One of the great plants to help the winter garden look less drab are the evergreen Solomon’s seals, of the genus, Disporopsis. This Bill Baker discovery in China, was later determined to be a new species, and in 2015, was named Disporopsis bakerorum, to honor Bill. Our oldest clumps are 20″ tall x 5′ wide.
Flowering in early December, this is our first time to see blooms on a cast iron plant collected for us in 2018, by the late Alan Galloway in northern Vietnam. It didn’t take but a glance to realize that it represents another new, undescribed cast iron plant species. Our taxonomist, Zac Hill, has already been
Late spring is a great season for clematis at JLBG, but one that’s particularly of interest is the recently named (2006) Clematis carrizoensis, which hails from a very small region of East Texas. It’s not been around long enough to officially be listed as Federally Endangered, but that’s most likely where it’s headed. This new
We love the amazing winter flowering toothworts of the former genus, Dentaria. The latest taxonomic work moves these into the genus Cardamine, which means quite a few tag changes here at the gardens. It’s fascinating that more native plant nurseries don’t have a better offering of these amazing plants. Flowering below this week are two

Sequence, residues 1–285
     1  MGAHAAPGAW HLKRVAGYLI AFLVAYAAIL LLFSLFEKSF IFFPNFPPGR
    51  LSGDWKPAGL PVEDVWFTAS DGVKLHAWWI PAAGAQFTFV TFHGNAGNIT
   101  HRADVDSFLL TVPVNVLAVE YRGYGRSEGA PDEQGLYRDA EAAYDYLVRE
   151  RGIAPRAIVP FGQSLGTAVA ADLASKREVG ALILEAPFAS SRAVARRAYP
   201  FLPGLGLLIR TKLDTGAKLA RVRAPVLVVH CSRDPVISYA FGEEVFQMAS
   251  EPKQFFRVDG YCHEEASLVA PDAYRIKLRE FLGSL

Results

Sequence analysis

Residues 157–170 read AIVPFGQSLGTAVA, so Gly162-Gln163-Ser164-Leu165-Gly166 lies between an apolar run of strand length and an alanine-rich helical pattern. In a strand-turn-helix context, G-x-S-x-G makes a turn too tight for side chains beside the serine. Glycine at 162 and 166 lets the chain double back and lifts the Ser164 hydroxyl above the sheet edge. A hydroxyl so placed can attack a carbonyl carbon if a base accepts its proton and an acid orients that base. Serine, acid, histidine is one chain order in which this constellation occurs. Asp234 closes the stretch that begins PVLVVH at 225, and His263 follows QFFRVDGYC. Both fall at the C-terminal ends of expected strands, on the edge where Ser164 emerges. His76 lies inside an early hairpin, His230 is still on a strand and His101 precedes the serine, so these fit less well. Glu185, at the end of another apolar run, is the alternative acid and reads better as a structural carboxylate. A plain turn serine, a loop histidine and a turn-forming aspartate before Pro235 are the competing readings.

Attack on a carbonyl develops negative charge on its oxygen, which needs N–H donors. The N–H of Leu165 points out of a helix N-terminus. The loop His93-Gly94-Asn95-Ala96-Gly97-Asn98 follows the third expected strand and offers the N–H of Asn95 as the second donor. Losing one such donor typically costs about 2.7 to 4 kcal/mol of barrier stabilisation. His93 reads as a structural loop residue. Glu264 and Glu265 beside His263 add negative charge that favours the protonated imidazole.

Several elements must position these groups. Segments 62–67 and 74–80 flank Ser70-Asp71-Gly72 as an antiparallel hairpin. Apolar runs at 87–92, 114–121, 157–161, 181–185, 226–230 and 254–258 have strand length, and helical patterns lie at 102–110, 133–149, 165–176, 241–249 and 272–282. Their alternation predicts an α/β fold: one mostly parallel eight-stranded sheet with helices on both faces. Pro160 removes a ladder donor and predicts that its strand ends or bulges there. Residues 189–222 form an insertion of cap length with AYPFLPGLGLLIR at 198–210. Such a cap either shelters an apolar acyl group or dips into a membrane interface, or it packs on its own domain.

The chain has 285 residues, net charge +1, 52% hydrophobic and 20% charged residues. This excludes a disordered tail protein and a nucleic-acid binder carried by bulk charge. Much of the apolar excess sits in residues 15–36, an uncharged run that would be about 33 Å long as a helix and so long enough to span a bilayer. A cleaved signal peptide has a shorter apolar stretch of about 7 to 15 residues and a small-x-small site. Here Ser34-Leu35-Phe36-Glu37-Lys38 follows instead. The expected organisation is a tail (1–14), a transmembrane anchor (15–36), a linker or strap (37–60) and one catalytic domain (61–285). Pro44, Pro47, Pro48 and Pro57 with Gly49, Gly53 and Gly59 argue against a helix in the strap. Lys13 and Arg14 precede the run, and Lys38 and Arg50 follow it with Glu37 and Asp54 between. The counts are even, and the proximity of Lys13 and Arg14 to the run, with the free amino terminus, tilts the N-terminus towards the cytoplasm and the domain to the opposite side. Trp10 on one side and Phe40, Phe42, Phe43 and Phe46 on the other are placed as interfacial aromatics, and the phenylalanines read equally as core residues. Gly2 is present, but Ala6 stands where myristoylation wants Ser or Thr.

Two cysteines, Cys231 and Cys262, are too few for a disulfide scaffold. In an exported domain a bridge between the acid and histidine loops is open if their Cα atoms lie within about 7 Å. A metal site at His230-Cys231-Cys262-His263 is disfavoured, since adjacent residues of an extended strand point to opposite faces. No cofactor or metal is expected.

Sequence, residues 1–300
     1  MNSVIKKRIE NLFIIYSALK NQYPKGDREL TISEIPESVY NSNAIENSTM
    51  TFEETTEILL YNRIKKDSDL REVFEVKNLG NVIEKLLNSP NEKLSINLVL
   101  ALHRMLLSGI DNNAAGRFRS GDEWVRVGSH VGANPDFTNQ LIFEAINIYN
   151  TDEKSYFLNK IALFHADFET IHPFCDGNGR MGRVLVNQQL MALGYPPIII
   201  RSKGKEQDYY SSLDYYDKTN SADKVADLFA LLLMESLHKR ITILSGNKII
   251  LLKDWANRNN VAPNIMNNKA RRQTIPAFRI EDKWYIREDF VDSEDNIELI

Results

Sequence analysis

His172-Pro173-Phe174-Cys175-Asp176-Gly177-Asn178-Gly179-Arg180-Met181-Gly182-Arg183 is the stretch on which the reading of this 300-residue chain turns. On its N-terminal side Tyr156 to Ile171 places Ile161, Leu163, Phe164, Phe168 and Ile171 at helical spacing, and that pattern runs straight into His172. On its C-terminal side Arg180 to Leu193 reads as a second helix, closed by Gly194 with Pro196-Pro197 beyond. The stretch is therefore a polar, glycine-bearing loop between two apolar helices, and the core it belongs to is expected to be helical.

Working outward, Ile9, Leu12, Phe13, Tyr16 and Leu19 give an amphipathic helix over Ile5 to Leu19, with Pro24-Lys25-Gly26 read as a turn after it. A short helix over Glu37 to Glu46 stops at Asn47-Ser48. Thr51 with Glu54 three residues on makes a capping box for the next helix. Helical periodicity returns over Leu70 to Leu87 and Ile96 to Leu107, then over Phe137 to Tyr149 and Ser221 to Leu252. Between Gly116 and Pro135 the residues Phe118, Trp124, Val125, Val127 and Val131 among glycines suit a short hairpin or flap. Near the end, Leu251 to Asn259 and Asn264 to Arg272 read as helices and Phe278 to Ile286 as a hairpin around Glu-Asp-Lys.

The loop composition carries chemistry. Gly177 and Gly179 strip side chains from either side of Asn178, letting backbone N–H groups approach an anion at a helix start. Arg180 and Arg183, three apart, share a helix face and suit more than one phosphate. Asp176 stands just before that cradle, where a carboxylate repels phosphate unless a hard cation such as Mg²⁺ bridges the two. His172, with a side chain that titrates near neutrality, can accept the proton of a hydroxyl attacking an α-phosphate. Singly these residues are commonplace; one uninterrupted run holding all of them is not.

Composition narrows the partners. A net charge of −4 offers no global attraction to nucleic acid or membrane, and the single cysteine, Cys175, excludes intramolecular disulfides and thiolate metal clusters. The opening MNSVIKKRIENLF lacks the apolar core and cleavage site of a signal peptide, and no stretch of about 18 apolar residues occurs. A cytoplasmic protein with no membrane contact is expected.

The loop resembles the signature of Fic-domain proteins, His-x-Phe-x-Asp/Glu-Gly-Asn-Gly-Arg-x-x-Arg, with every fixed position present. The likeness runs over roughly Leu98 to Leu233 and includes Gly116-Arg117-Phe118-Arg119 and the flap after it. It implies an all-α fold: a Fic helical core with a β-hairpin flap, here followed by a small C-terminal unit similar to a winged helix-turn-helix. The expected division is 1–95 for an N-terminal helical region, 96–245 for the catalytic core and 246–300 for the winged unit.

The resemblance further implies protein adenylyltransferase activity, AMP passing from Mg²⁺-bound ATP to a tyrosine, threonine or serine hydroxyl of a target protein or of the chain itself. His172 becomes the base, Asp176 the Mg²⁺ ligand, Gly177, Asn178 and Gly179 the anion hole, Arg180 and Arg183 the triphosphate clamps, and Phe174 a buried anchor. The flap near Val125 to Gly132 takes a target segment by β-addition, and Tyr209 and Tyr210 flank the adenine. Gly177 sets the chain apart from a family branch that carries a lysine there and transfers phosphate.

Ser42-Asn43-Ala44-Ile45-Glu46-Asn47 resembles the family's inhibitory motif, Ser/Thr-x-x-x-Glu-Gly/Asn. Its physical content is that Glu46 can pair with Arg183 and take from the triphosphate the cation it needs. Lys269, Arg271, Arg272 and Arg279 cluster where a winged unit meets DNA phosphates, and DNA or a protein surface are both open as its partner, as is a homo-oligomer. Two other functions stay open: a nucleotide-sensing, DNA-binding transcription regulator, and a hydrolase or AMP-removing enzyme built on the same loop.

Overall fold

In flower this week is Fothergilla milleri ‘Redneck Nation’. Most people have probably never heard of Fothergilla milleri, since it was just described as a new species in 2020. When a DNA analysis of the genus was completed, it showed several diploid populations previously thought to be Fothergilla gardenii were actually a new, undescribed species.
History is replete with examples of new plant species that are first encountered by intrepid plant explorers, yet described later by taxonomists. Salvia darcyi was discovered and introduced into cultivation by Carl Schoenfeld and John Fairey of Yucca Do Nursery. Three years later, they guided researchers to the site who subsequently described the species without
This spring, Plant Delights introduced Zac Hill’s 2013 discovery of a new ruellia which he found in central Alabama. What we theorized might be a natural hybrid turned out to be a brand new species, as we were informed by botanists working on getting the plant published. We hope all native plant enthusiasts purchased this